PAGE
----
Eastern signs 100m pounds coal contract with PowerGen

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The Independent Online
EASTERN Electricity has broken ranks with the rest of the regional electricity companies by signing a five-year contract with PowerGen to buy electricity generated from coal.

The deal, valued at more than pounds 100m a year, could break the deadlock that has prevented the two generators signing contracts to buy future supplies from British Coal.

James Smith, chairman of Eastern Electricity, said the contract with PowerGen depended on the generator signing a parallel five- year contract with British Coal based on the tonnages and prices that are now being discussed.

PowerGen and National Power are negotiating new contracts to buy 40 million tonnes from British Coal next year and an annual 30 million tonnes in the next four years. This compares with 65 million tonnes at present. The generators have said they cannot sign until the regional companies agree to buy electricity from the coal.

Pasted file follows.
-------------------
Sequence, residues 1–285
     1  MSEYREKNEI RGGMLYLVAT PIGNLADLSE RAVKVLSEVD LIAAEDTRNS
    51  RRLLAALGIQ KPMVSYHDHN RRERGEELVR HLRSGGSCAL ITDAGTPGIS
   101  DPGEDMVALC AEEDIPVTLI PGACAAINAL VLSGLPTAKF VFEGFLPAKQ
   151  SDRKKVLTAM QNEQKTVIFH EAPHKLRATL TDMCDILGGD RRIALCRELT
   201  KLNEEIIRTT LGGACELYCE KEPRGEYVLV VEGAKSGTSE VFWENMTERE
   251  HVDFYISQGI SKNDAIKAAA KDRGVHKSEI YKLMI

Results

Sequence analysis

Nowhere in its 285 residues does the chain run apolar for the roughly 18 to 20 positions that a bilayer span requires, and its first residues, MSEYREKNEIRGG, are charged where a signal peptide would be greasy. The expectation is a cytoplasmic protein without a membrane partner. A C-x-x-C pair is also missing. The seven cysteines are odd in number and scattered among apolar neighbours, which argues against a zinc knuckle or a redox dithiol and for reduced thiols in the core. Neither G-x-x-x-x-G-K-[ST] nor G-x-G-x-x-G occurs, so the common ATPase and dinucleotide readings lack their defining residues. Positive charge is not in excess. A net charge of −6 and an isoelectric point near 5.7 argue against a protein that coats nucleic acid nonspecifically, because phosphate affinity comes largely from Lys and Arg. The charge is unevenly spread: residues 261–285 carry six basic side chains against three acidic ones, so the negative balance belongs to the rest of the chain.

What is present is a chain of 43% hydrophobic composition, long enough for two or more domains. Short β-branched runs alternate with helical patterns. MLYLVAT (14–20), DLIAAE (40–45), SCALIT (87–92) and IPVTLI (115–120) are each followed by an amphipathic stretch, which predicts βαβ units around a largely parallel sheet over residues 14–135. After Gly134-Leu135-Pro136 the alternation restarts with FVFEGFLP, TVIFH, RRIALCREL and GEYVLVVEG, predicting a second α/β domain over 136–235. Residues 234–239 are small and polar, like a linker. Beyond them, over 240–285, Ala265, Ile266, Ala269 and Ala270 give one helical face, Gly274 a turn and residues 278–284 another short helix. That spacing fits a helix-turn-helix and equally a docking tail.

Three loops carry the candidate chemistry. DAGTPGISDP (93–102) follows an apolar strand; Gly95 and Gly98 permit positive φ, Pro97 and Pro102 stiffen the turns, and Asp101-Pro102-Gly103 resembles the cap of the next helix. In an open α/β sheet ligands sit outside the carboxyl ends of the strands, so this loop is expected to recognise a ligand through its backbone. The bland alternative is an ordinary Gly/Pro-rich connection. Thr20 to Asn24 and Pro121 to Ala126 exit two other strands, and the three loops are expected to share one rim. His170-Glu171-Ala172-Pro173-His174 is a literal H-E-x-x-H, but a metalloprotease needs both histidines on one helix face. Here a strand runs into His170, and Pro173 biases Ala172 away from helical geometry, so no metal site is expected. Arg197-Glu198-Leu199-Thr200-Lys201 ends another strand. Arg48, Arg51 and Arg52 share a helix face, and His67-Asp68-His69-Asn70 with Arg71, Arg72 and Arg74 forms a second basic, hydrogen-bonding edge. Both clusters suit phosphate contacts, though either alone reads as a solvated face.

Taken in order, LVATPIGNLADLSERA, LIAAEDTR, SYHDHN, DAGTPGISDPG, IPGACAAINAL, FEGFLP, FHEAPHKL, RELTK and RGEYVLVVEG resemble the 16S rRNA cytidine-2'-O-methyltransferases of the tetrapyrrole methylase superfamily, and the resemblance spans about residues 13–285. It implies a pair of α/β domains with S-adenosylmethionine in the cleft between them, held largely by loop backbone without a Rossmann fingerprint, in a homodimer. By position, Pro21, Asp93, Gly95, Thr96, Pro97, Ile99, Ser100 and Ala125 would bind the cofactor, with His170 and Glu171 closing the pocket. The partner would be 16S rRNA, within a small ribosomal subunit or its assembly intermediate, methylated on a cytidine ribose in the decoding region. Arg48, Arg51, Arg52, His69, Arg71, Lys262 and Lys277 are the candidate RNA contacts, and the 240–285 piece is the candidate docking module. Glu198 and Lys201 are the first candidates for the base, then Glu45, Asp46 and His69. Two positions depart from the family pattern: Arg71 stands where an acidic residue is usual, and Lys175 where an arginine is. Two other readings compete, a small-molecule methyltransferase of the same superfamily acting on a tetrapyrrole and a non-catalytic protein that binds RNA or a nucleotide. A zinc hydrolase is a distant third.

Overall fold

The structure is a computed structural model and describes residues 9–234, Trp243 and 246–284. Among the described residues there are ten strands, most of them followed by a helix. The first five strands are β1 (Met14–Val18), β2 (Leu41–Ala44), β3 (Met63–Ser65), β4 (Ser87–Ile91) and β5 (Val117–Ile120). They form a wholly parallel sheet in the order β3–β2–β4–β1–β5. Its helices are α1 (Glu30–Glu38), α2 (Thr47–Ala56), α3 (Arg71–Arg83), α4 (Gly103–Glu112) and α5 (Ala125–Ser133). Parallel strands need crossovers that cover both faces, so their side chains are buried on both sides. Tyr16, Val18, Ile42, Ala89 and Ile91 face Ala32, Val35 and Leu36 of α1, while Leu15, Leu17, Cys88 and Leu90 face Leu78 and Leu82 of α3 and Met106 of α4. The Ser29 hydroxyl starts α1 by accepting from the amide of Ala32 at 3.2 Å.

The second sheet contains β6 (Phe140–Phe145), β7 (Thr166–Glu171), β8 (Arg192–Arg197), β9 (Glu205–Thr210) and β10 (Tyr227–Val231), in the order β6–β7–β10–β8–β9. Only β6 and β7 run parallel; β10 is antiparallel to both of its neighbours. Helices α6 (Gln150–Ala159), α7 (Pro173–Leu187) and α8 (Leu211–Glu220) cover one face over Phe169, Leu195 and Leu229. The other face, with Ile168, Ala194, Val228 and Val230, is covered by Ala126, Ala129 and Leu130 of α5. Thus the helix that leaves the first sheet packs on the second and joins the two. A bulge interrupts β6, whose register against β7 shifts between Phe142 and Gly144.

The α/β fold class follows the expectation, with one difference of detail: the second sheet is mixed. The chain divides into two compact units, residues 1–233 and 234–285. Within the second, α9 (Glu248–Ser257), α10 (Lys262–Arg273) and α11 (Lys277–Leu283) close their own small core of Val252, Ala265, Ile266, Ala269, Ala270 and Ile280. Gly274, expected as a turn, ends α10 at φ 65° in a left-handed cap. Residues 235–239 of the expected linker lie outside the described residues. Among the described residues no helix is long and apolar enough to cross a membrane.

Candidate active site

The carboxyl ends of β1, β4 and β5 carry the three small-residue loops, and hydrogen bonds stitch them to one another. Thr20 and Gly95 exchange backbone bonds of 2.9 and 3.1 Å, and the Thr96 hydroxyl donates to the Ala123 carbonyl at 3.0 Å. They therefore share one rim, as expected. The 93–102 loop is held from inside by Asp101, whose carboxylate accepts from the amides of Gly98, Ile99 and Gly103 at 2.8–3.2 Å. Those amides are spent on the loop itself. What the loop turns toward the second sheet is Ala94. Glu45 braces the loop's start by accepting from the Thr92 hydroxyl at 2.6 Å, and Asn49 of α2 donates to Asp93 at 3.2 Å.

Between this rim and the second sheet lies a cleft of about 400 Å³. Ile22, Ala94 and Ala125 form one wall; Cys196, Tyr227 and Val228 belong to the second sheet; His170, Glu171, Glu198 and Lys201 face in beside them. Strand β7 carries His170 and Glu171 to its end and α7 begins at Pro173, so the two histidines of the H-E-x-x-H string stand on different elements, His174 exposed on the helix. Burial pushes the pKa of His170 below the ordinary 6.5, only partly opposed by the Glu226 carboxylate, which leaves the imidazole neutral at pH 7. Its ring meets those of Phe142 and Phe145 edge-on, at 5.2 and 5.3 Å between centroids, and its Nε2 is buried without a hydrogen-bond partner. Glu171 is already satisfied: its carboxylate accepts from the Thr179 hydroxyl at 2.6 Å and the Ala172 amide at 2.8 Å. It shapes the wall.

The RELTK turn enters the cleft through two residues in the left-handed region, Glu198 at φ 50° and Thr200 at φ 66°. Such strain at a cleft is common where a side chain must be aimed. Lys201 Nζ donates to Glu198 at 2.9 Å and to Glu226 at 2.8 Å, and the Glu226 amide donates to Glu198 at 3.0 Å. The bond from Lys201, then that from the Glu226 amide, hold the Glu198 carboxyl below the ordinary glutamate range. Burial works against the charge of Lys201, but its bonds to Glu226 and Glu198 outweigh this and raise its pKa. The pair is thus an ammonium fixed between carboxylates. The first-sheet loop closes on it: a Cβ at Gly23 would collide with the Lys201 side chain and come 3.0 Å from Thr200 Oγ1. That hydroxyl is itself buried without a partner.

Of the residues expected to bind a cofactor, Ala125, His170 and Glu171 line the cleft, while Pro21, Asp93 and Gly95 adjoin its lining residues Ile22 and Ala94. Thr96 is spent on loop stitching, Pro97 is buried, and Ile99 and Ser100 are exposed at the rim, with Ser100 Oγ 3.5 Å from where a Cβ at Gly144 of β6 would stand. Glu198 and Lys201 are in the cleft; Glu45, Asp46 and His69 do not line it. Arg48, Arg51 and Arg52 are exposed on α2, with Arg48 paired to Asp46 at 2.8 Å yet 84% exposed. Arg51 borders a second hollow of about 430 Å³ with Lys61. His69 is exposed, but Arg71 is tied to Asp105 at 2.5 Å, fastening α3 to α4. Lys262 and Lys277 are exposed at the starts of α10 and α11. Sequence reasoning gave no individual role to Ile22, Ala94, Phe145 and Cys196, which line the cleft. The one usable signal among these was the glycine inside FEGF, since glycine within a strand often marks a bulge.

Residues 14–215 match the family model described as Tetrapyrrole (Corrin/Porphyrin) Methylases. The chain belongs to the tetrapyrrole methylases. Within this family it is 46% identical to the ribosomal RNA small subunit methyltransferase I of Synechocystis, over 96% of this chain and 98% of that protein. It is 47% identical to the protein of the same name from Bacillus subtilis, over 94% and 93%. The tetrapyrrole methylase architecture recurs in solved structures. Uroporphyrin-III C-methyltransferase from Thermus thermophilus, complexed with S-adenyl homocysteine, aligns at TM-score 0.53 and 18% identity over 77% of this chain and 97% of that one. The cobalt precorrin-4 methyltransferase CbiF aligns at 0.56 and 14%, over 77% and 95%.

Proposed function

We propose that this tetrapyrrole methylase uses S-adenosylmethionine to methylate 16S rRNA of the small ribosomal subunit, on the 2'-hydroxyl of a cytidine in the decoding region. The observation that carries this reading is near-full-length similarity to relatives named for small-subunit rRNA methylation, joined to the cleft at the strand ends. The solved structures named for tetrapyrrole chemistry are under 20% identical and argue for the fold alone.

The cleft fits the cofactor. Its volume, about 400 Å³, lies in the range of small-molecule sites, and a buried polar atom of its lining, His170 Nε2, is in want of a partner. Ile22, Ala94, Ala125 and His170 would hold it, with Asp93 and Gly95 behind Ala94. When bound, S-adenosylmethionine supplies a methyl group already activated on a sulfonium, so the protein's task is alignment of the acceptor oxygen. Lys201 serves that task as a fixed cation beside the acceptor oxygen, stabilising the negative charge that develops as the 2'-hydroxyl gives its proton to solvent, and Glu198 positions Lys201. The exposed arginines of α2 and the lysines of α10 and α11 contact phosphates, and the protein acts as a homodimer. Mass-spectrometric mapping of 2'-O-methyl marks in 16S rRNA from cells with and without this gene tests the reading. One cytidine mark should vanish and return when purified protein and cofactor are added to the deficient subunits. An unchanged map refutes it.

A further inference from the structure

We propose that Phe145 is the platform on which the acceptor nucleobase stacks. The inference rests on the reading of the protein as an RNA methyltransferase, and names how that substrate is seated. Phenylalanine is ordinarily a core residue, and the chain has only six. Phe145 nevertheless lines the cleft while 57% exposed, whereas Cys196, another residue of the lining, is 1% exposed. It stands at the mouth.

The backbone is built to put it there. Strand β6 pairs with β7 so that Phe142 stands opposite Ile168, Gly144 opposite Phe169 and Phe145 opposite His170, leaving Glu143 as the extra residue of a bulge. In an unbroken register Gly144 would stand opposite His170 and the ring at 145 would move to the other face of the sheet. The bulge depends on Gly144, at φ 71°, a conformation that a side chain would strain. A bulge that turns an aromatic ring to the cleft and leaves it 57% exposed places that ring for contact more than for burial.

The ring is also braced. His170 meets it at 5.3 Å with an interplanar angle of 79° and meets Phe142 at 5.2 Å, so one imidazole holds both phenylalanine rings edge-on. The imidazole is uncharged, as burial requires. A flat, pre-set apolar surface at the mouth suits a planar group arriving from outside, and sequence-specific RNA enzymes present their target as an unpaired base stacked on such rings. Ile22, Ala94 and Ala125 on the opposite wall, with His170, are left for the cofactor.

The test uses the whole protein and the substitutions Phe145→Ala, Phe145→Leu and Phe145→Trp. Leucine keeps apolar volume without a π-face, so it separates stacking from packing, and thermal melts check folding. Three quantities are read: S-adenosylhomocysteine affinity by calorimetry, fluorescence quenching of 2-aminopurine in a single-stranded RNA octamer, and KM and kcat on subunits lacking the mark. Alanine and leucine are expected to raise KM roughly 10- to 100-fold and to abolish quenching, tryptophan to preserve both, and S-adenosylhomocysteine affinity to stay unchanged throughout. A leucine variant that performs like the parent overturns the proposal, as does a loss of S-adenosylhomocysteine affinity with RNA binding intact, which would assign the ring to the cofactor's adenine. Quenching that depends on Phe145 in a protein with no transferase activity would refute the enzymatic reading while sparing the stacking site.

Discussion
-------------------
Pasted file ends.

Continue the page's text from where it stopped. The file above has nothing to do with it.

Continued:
Discussions between the parties have dragged on for months, putting in question the future of the coal industry.

Ed Wallis, chief executive of PowerGen, said: 'The deal with Eastern will help safeguard British pits and miners' jobs.' He said the electricity to be sold was equivalent to 8 million tonnes of coal.

Dr Smith said that by signing first he had obtained the best deal for his customers.

It is believed that Eastern has gone it alone to negotiate better terms and prices with both generators.

The other 11 regional companies are collaborating to reach agreement with National Power and PowerGen.

However, Dr Smith said this approach was inefficient. He was also worried that it could attract the attention of the Office of Fair Trading.

He hoped to sign a deal with National Power before Christmas.

The agreement between Eastern and PowerGen also allows an escape clause if the Government's review of energy policy dramatically changes the situation.

The Department of Trade and Industry has signalled that it favours one-year contracts and that it may want higher tonnages of coal. This is because the volumes of coal currently proposed sparked the announcement by British Coal that it would close 31 pits with the loss of 30,000 jobs.

A spokeswoman for the DTI said: 'This is a commercial decision and we have been assured that the contract provides for change and so will not pre-empt the outcome of our review.'

Another regional company, East Midlands Electricity, said it was keen to have a five-year deal but that nothing would happen immediately. The company has been a leading player in the supply industry's negotiations with the generators.

(Photograph omitted)

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